Many of us had to move heaven and Earth to be able to attend. I always try to make the effort, though, because I gain so much from the bonding with other women. These weekends create space for moments of holy communion, for us to share our broken bodies and our imperfect paths to peace. The caregivers who break themselves into so many pieces to care for friends and family, pause to receive care. When women gather like this, I have found magic always happens.


If you wish to know the Divine, feel the wind on your face
and the warm sun on your hand.  - Buddha

     While showing many of my South Africa photos to an exceedingly patient friend, I was struck again by my complete immersion into the natural world while there.  Giraffes, rhinos and baby rhinos, impala, kudu, wart hogs, zebra and so on could be just around the next turn in the road.  While sleeping in tents at camp, we woke at the very first rays of dawn to an outpouring of sound from birds, baboons, monkeys, elephants, and more that I couldn't even begin to identify. We ate our meals outside. We spent the days outside. 
     Back in my warm, safe home, sitting in front of my computer at work,  I realize how much I miss that connection to nature.  I watch the cardinals at my bird feeder and see the egrets and herons in the marsh on my runs.  But here I'm lost in a world of emails and schedules, of blue screens rather than blue sky.
    As we begin the Lenten journey, I'm choosing to walk the path outdoors, finding more time to be outside rather than inside, listening for the sounds of the earth, the smell of the rain, the touch of the wind.  It's not just good therapy, it's holy listening.


Friday, February 1, 2013

Travel, life maps and a journal tutorial

        On Monday, I put my daughter and her husband on a plane to Beijing, China.  So far, I've gotten a couple of text messages as they struggle to get phones and internet working.  They are okay and safe.  They are staying at the university in Beijing where they will be teaching English.      
      When I was a junior in college, my mom put me on a plane to England for a summer study abroad.  I landed in London and bought a bus ticket for Brighton to find my host parents for my study at the University of Sussex.  My host parents picked me up as soon as I arrived in Brighton.  They had two really cute little girls who were excited to have an American living with them.
      I wrote my mother later that week, I think, on crinkly blue international mail paper.  I was fine.  Mom got the letter two weeks later.
      I need to call my mom and apologize. 



     The path was clearly marked. As Hurley and I walked the extensive trails at our local county park, there could be no doubt of which way to go and which way not to go. If only, I thought, the map of my life were so clearly marked, with warnings of "Here be dragons" or "This way heartbreak lies." But even the marked trail at the park wasn't always that clearly marked, and I got lost. I slid in thick black mud, tripped more than once over tree roots, and very nearly stepped on a snake. And I saw unexpected beauty, prayed a few minutes longer, got more exercise than planned. What would I have missed over the years if I had that perfectly complete life map and tried to avoid all the warnings? God knows, I've never been much good at reading maps anyway. I think I'll take my chances on the rugged trail, where the gnarled roots are not just to trip me up, but also to bring life.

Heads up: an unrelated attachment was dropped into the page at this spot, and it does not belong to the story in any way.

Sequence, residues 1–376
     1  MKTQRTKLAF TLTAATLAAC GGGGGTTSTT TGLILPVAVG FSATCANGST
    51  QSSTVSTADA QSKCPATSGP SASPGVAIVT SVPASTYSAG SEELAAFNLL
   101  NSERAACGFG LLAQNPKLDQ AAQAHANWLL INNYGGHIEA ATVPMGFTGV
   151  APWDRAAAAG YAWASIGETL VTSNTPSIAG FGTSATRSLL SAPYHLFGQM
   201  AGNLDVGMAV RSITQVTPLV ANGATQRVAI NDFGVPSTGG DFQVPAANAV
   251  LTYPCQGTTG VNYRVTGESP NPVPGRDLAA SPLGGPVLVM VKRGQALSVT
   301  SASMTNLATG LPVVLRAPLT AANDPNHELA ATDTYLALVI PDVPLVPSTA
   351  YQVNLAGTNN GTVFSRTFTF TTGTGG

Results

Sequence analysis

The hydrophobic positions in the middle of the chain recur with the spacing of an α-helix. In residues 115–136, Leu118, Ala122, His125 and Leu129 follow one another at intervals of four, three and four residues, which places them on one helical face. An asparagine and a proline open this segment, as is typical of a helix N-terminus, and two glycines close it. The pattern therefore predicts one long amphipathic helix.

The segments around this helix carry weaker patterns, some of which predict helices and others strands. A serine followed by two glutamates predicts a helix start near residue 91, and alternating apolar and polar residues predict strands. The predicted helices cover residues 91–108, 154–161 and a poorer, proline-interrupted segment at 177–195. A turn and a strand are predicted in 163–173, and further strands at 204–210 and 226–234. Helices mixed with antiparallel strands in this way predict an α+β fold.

I shall live badly if I do not write, and I shall write badly if I do not live.
Francoise Sagar

Top 5 Tips to a Great Soul Baring Journal

It’s a sad day. I’m on the last few pages of my journal.  I’m loathe to give it up, so I’ve been writing smaller and smaller to save pages. This journal has been through so much with me. It’s been through a divorce and to the Grand Canyon and to the start of a new life. It’s been my confessor, friend, confidante and therapist.
I’m not sure what the magic is but somehow putting pen to paper draws insights I didn’t know I had until they literally flow onto the page. I stare amazed at what part of myself has a wisdom only accessed through ink. It slows me down and lets me process life. For those of you toying with the idea of a journal, but haven’t been able to get started, here are my top five tips.
  1. Go Plain Jane. Buy a basic, functional journal. This way there’s no pressure to have deep thoughts or perfect prose. I use a black, spiral bound one from Barnes and Noble and decorate the front with an image that has captured my fancy. This year’s has been a simple, Japanese brushstroke of a bird in a tree.
  2. Adopt the mindset anything goes. Write freestyle with different colored pens. Sketch, doodle, photograph, scrapbook, mindmap, brainstorm, press flowers, capture favorite quotes, draw mandelas. See it as a play space for creativity, for the words to flow.
  3. Pay attention to R & R - restlessness and resistance. These are signs to write. Sit with the feelings, explore them and write with abandon, even those things you might not tell your best friend - especially those things. (Forget that someone’s going to read it.) Bare your soul.
  4. Keep it with you. Mine goes to work, home, on the daily commute, in my backpack hiking, etc. Put down the small details and the big - whatever captures your fancy. One sentence entries count.
  5. Trust the truths will come. Believe you have the deepest wisdom about yourself and that God will bring truth through the inspirations. Writing is processing. Let it keep you honest and grounded.